Clash of blue and white not for lily-livered
The Dublin-Kildare clash of 1928 started it all off. The 'Leinster Leader' of the day reported: "A more disgraceful exhibition of deliberately and dangerous roughing and fouling has never been witnessed in recent years in a first-class Gaelic game, and for the sake of their own good name, the Gaels of Dublin should insist on those in authority dealing severely with the individuals responsible."
Kildare won that day and in the intervening years, the rivalry intensified. In the '70s, a Dublin player was accused of spitting at a Kildare player. But the offence was never rightly proven. The affair led to a further escalation, but Kildare were out-battled by the Dubs on a number of occasions back then.
From the '90s on, house prices were cheaper in Kildare than in Dublin and transport links improved. The result was a short migration to places like Naas and Newbridge. In recent years, the commuter belt was let out a notch or two: sylvan villages were transformed into urban hubs.
I have no research to back this up, but my guess is at least a fifth of Kildare's population were born outside the county. The new arrivals come from all over, but most work in or near Dublin.
How many of you in Kildare know the county boundaries in Greater London? To the stranger, the big towns in Kildare are just parts of Greater Dublin.
There's a sameness everywhere you go. In our rush to the investiture of King Consumer, we have forgotten the necessity of place and context. Drop Con Houlilhan's Martian into any out-of-town shopping centre and he would be hard put to figure which county he was in.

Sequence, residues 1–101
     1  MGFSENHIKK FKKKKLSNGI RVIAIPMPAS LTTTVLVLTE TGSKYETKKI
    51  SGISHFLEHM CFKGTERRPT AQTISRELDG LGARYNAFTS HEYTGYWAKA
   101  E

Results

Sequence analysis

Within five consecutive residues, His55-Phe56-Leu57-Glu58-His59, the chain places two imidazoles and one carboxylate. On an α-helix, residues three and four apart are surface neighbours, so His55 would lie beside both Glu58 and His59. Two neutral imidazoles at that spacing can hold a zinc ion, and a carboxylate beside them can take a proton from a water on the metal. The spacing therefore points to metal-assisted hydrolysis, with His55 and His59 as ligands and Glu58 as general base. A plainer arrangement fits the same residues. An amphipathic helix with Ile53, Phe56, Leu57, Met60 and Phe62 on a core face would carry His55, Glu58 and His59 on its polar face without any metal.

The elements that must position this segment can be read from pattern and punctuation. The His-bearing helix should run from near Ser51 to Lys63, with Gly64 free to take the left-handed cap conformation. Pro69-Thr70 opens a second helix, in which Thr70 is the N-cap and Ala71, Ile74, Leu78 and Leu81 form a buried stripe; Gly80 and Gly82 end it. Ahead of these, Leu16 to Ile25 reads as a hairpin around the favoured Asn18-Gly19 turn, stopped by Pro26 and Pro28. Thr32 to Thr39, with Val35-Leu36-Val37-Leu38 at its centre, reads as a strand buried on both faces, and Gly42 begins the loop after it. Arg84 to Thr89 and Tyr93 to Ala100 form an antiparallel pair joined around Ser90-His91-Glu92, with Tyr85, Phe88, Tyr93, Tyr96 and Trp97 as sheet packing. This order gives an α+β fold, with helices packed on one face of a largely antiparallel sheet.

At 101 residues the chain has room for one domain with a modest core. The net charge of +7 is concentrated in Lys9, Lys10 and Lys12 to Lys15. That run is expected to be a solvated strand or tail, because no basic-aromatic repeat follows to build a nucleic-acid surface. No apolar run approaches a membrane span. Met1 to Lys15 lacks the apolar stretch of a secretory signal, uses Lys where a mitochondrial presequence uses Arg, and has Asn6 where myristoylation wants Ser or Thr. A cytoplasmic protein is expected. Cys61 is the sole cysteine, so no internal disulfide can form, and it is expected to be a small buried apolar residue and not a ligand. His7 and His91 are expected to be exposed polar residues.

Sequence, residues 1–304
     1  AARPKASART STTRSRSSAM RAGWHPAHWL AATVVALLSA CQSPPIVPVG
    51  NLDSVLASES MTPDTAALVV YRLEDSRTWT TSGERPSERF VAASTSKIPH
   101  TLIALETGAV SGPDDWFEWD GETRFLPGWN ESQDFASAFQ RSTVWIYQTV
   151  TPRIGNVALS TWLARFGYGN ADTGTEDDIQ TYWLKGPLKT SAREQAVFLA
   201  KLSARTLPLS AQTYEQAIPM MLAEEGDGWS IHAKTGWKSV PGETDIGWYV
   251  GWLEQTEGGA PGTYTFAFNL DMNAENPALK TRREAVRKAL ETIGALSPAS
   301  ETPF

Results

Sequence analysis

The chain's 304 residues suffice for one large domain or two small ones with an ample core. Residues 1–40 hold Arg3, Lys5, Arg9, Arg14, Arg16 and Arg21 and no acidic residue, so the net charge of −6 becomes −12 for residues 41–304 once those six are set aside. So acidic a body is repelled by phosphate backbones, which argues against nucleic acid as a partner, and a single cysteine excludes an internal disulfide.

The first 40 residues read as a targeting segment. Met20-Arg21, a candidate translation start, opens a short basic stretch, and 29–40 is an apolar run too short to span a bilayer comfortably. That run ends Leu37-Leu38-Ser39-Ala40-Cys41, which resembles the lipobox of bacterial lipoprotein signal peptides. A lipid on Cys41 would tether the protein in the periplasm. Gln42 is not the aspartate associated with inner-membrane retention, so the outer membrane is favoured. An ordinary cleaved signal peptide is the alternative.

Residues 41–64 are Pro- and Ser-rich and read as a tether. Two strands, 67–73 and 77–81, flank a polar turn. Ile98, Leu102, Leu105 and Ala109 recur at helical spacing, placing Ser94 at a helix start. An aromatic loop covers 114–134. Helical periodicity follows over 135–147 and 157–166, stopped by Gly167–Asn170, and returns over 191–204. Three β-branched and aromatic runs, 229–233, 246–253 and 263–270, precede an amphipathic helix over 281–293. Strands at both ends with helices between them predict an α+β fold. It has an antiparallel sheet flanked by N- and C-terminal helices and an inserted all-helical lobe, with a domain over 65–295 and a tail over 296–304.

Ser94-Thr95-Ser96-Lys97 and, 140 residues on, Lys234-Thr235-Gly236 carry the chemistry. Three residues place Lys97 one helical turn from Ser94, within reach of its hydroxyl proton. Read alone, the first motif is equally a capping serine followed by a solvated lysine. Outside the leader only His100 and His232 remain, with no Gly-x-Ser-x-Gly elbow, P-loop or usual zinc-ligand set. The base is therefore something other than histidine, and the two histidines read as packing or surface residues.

The GAA people in Kildare know where they are from and who they are, but the influx in the boom was more like an invasion.
Kildare's first family were originally Norman. The Fitzgeralds eventually became more Irish than the Irish themselves, but the assimilation took two or three generations. I am sure there are now thousands within the county who do not even know there's a game on.
But there's a fast track to integration. People only really feel part of their new home when the kids go to school. Kids are not burdened with any sense of being blow-ins and become friends almost immediately.
The mums and dads meet outside school gates and soon enough they are going out for drinks. Then the GAA activists will go round to the schools and 15 years later, sons and daughters will wear the Kildare colours on and off the field.
Leinster has been unified thanks to their rugby team's heroics, but the GAA is more intimate. It comes down to townlands, lanes and streets. Clothesline crossbars, sideline garden walls and jumpers on the ground mark out boundaries that are cast aside when the kids pull the club jersey over their heads and are naturalised. It's like killing your first lion.
The jersey catches over your head, the light shines through the fabric and for an instant your world becomes a blur washed in the colours of your new club.
Margaret Reen is a football mother. Margaret, from Rathmore in Kerry, celebrated her 100th birthday lately.
She has lived in Millstreet, Co Cork, for most of her life. Her children support Cork and she had them playing for The Street. Margaret is Kerry to the core and next week before the Munster final she will refer to her family as 'ye'. For the rest of the year that marvellous woman will turn 'ye' into 'we'.
The assimilation goes on within counties. Eamon Keane came from Knocknagoshel to Listowel over 40 years ago. He was laid to rest on Monday and our jersey was placed on his coffin. We miss him so much.
Eamon was Emmets through and true, but there was always part of him that was Knock. He grew his own spuds at the bottom of an urban garden behind the hydrangeas and brought home the first of the turf only a few days before he died.
I'm sure there will be loving parents in blue bringing kids in white to the game tomorrow, but there is no love lost between the counties and that will show through from the off.
We think Dublin will win, but this should be one of those games that will not only go down to the wire, but out of the trenches to no-man's land, and beyond to the other side's fortifications. Remember 1928.
Kildare will badly miss the injured Dermot Early Jnr. His dad, Dermot, of Roscommon fame, died a year ago this week. His life is commemorated in a poignant exhibition in the GAA museum in Croke Park.
Dermot came to Kildare as a young man and his kids played with the great Sarsfields of Newbridge. Now there's a map for all of you lonely ghosts lost in strange estates.